brown captain von trapp
[Photo Credit: Tell-Tale TV]

It would be fair to say that I am obsessed with “The Sound of Music.” I have watched it at least 50 times (half of those times were via a VHS tape that was rapidly declining in quality), memorized all the songs and dialogues, dragged friends along to sing-a-longs, watched the live-action remake and sought out “Where Are They Now” specials about the cast.

Until now, I had relegated “The Sound of Music” to the American part of my brain (I recognize that it’s set in Austria but it is a Hollywood movie after all). None of the actors in the movie looked like me, but then again, I never expected representation in a movie set in Austria based on a true story about Austrian people. I also didn’t expect representation because I intentionally kept my American world and my Indian world separate.

 

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The struggle (and beauty) of a hyphenated existence is that you aren’t able to steep yourself fully in either culture. On a recent episode of “The Daily Show,” Eva Longoria aptly said,

I am Mexican-American. I straddle the hyphen. People say, ‘oh, you’re half Mexican half American.’ No, I’m 100 percent Mexican and 100 percent American all the time.

While I agree that it’s not about feeling half of anything, it can be hard to feel 100 percent of either because it often feels like competing priorities. What we end up missing out on are the subtleties and intricacies of our cultures that are often absorbed through TV, movies, and music we are exposed to.

I distinctly remember watching “Jeopardy” and not knowing any of the movie or musical references or hanging out with friends and being the only one who didn’t know any Bob Dylan songs. In that same token, I didn’t always know the latest Bollywood movies or music. I only knew the hits that made it to America.

[Read Related: Actor Nikesh Patel Talks ‘Four Weddings and A Funeral’ & Advocates for More Brown People in Sci-Fi]

In Mindy Kaling’s newest venture, “Four Weddings and a Funeral,” a TV adaptation of the 1994 British film of the same name, one of the main characters—Kash, played by Nikesh Patel, is a British Pakistani investment banker turned aspiring actor. He plays Captain von Trapp in an episode that centers around the fictional Hounslow Community Theater production of “The Sound of Music.” The cast is comprised of mostly brown, mostly immigrant youth singing along to the hits of the well-loved musical. The moment that struck me, though, was the final scene where Patel’s character and Maria, played by Kuran Dohil, sing a few deeply soulful lines of “Something Good” to an audience who is moved to tears.

At that moment, my worlds collided. I was brought back to an 8-year-old version of myself staring breathlessly at Christopher Plummer and Julie Andrews singing the same song. I had relegated that movie and its beautiful music to an untouchable American part of my brain. But watching two talented brown actors sing their hearts out to “The Sound of Music” made me realize that we deserve to partake in American culture too. It’s not just something we can observe and emulate from afar as if we were imposters or intruders. We don’t need to do a Bollywood version of it or enhance it with a colorful ethnic twist. We can enjoy it, recreate it and appreciate it in its pure form.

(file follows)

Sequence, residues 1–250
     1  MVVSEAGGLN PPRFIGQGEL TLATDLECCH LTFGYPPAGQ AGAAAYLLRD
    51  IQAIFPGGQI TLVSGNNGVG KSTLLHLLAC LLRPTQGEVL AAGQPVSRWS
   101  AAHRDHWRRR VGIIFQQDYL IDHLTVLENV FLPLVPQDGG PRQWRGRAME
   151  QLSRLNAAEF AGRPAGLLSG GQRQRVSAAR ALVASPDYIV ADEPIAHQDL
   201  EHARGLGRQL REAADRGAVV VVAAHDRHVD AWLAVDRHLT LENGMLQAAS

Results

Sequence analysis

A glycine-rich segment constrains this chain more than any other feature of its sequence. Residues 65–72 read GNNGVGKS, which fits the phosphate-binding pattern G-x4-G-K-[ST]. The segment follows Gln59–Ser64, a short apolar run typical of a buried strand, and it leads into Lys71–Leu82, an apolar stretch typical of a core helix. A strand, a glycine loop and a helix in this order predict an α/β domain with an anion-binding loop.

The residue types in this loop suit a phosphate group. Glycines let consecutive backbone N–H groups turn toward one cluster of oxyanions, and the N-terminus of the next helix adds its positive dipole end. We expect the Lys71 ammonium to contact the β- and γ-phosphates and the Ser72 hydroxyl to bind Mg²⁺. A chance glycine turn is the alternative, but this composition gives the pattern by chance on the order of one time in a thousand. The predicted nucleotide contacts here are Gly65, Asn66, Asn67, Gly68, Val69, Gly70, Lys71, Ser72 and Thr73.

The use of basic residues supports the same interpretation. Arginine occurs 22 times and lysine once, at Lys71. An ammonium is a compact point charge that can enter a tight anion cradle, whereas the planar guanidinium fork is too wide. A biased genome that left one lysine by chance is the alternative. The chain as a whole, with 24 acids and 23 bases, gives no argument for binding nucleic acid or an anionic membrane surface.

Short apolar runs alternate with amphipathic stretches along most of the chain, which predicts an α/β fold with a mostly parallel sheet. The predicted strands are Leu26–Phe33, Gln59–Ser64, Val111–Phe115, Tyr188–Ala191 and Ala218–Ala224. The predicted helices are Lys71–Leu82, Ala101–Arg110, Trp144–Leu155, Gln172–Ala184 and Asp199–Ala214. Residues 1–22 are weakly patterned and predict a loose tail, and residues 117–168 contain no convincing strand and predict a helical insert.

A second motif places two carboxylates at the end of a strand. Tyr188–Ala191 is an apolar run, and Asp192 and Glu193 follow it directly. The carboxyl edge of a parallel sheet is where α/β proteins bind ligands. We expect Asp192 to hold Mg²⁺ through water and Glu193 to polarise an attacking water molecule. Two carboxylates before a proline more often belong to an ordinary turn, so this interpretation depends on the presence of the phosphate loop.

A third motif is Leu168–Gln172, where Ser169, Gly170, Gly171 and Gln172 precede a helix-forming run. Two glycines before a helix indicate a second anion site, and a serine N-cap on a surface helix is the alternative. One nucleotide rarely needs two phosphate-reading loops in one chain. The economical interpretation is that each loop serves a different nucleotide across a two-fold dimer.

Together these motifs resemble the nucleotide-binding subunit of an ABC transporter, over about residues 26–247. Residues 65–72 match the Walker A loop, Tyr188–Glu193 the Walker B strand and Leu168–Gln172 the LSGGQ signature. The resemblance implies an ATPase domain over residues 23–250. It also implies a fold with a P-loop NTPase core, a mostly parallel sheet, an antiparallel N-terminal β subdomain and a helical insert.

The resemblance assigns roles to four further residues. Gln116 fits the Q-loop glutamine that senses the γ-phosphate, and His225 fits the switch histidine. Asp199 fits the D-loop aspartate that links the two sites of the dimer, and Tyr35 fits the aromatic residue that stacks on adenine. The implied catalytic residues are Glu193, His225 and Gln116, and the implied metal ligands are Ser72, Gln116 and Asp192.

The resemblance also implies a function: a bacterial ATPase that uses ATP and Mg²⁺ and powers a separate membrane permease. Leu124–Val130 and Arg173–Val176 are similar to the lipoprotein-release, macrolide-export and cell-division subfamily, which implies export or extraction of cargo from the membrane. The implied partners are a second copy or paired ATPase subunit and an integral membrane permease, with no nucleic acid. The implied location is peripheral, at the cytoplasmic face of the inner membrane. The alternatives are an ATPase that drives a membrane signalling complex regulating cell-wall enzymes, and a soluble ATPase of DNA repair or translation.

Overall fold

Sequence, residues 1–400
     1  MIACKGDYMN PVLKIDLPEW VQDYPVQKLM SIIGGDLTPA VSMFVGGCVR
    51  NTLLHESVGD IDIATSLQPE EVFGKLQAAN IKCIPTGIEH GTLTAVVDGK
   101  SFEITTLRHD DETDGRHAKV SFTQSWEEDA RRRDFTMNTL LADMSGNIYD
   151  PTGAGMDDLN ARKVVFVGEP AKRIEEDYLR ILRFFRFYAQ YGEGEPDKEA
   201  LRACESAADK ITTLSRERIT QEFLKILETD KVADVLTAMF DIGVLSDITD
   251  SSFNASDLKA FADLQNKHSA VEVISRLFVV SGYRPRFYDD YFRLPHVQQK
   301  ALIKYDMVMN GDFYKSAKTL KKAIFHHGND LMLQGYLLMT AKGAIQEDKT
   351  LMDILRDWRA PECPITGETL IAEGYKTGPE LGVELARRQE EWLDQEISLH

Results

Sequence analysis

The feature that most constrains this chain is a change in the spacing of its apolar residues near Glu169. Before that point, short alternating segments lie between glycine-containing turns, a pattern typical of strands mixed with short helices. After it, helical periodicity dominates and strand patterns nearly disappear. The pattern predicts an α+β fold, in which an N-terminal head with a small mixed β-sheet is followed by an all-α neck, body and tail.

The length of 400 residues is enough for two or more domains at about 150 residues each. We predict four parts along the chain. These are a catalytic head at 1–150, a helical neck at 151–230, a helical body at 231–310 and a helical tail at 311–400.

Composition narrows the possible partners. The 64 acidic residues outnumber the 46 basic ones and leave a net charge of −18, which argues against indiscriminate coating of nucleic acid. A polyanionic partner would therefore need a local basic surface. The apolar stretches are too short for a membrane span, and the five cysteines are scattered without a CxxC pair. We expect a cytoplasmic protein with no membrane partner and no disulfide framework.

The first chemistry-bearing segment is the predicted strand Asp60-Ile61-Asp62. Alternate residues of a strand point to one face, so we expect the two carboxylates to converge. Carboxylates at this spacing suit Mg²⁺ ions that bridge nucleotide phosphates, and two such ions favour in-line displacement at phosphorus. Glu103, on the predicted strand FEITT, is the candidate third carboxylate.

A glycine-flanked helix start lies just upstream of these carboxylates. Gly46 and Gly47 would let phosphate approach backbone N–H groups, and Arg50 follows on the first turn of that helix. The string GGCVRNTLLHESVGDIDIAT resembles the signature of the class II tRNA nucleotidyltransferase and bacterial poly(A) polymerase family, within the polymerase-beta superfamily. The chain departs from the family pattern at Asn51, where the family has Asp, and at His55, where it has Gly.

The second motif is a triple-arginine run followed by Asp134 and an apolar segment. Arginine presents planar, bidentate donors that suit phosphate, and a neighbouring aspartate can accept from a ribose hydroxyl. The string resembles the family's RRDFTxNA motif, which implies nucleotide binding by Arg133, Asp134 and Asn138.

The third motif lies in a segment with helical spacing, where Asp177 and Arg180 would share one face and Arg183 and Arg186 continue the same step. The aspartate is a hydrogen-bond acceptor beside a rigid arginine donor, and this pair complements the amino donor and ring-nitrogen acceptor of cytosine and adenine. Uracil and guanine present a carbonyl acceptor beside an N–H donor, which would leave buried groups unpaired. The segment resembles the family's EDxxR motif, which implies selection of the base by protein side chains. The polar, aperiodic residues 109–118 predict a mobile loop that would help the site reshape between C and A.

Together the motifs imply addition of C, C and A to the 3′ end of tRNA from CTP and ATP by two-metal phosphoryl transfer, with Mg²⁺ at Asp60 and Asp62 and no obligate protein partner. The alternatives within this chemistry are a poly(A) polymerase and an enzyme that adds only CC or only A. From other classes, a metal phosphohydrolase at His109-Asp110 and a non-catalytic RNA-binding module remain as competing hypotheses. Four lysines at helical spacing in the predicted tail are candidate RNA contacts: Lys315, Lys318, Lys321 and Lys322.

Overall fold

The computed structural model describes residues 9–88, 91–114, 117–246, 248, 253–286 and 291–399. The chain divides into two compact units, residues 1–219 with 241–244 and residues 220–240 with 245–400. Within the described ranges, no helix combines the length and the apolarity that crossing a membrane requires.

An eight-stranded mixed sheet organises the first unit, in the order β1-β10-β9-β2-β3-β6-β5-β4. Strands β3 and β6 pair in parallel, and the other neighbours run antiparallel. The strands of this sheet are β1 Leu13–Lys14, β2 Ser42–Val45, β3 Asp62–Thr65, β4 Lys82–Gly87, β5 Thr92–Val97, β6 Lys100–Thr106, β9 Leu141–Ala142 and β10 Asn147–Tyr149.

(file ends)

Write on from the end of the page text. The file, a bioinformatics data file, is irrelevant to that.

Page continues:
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So, thank you, Mindy Kaling, for writing, casting and likely fighting for a story, script, and characters who represent our immigrant upbringing as messy and beautiful as it is. You have created characters who are not just Pakistani, Indian, Muslim, black, white, gay, rich, etc. but true representations of people whose histories, culture and experiences are so woven into every fiber of their being that there is little room or tolerance left for stereotypes or tokenization.

Yes, representation in the media matters. We have come a long way from being pigeon-holed into heavily accented terrorists, Apu, or fetishized roles but we have quite a distance to go. What we do with this representation matters so much.

It’s more than just seeing a relatable face on your screen. It’s about writing characters who exist to not just be a window into their culture but are fully thought out complex characters who exist first as their own person. When we relieve the burden of representing an entire country or culture through one character, that’s when the magic happens. It seems like the weight of that burden has been lifted by the writers and creators of this show and it is so refreshing.

Mindy Kaling reaffirms that my identities can do more than just co-exist—they can weave together into something more beautiful and rich.


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